Hickey shared a court order recently declassified by the Office of the Director of National Intelligence revealing that an FBI analyst ran unapproved searches of a U.S. senator and state senator’s name in June 2022. The search was conducted using data collected by the National Security Administration under FISA Section 702.

On the Lawfare Podcast, Wittes sat down with Joshua Geltzer to discuss the reauthorization battle surrounding Section 702 of the Foreign Intelligence Surveillance Act that authorizes broad intelligence collection against overseas targets using domestic infrastructure. They covered the past problems with Section 702, the reasons the government supports its reauthorization, and the battle ahead between traditional left anxieties about the statute and concerns of the Trumpist right:


Han shared a D.C. Circuit Court decision denying Guantanamo Bay detainee Ali Hamza Ahmad Suliman al Bahlul’s petition to vacate his conspiracy conviction and life sentence reaffirmed by the U.S. Court of Military Commission Review.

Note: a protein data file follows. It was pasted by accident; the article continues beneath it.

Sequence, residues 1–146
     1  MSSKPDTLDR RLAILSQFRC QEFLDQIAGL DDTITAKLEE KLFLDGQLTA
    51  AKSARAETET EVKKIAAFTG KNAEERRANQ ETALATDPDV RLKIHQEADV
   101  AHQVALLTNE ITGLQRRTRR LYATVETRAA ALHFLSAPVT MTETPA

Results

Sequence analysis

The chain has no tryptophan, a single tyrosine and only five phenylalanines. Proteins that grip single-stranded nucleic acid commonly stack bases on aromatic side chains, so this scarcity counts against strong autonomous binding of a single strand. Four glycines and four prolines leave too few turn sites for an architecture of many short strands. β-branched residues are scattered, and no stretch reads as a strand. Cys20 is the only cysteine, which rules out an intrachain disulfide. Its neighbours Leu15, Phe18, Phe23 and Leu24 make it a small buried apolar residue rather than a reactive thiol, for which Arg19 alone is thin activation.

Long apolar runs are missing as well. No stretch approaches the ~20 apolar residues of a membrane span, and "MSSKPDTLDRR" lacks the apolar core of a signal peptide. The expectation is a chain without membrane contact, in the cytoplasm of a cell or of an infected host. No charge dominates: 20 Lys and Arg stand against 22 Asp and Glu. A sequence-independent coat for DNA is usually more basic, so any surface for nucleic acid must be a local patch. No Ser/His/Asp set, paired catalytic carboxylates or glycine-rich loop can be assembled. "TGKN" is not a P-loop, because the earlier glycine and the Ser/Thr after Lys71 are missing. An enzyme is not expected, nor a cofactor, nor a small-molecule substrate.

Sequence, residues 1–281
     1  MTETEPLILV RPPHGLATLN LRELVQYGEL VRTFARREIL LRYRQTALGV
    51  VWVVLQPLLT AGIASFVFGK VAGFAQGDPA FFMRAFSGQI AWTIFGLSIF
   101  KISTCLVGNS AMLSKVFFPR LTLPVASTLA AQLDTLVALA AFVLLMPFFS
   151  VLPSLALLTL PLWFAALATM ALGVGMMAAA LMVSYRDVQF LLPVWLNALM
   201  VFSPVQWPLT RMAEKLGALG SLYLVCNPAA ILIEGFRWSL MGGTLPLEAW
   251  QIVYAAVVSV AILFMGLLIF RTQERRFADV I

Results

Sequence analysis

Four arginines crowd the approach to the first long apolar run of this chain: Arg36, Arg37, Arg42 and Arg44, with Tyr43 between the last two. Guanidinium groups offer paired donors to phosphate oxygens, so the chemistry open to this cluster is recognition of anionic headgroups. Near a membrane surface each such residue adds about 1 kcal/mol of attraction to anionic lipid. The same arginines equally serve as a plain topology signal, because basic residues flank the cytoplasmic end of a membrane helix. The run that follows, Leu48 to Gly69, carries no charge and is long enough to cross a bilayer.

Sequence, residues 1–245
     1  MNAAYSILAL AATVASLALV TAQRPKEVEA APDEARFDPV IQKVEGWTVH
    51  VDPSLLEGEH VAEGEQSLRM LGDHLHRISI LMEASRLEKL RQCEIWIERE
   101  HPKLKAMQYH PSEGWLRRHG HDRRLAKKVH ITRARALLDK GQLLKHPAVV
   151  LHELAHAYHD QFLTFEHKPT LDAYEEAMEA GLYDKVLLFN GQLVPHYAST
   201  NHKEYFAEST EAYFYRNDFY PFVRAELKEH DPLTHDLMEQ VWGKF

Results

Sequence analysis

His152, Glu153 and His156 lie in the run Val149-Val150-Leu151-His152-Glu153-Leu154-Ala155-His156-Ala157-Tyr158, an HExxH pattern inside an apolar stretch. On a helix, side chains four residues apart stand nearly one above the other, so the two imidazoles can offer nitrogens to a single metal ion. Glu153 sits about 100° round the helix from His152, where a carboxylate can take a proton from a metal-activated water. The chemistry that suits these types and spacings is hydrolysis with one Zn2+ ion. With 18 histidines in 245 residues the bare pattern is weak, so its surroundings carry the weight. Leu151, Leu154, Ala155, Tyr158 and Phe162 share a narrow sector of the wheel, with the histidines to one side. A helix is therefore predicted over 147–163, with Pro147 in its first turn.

Ammar Abdulhamid discussed the United States’s long history of persisting through political and national security crises from the perspective of a former Syrian refugee. He reflects that, in context of how the United States’s 250-year-old system of crisis management has allowed the country’s democracy to endure, the current polarization crisis is not an existential threat. 

Ayelet Gordon-Tapiero and Yotam Kaplan discussed how the legal principle of unjust enrichment could be applied to social media platforms as a way to dissuade them from promoting dangerous and harmful content.

Yoel Roth discussed the issues of social media companies’ legalistic approach to trust and safety, arguing in favor of a more human, flexible content moderation strategy.

Ashley Deeks offered a framework to ensure the careful regulation of artificial intelligence (AI) systems developed and used by U.S. intelligence and military agencies. Deeks’s framework is modeled on the covert action statute.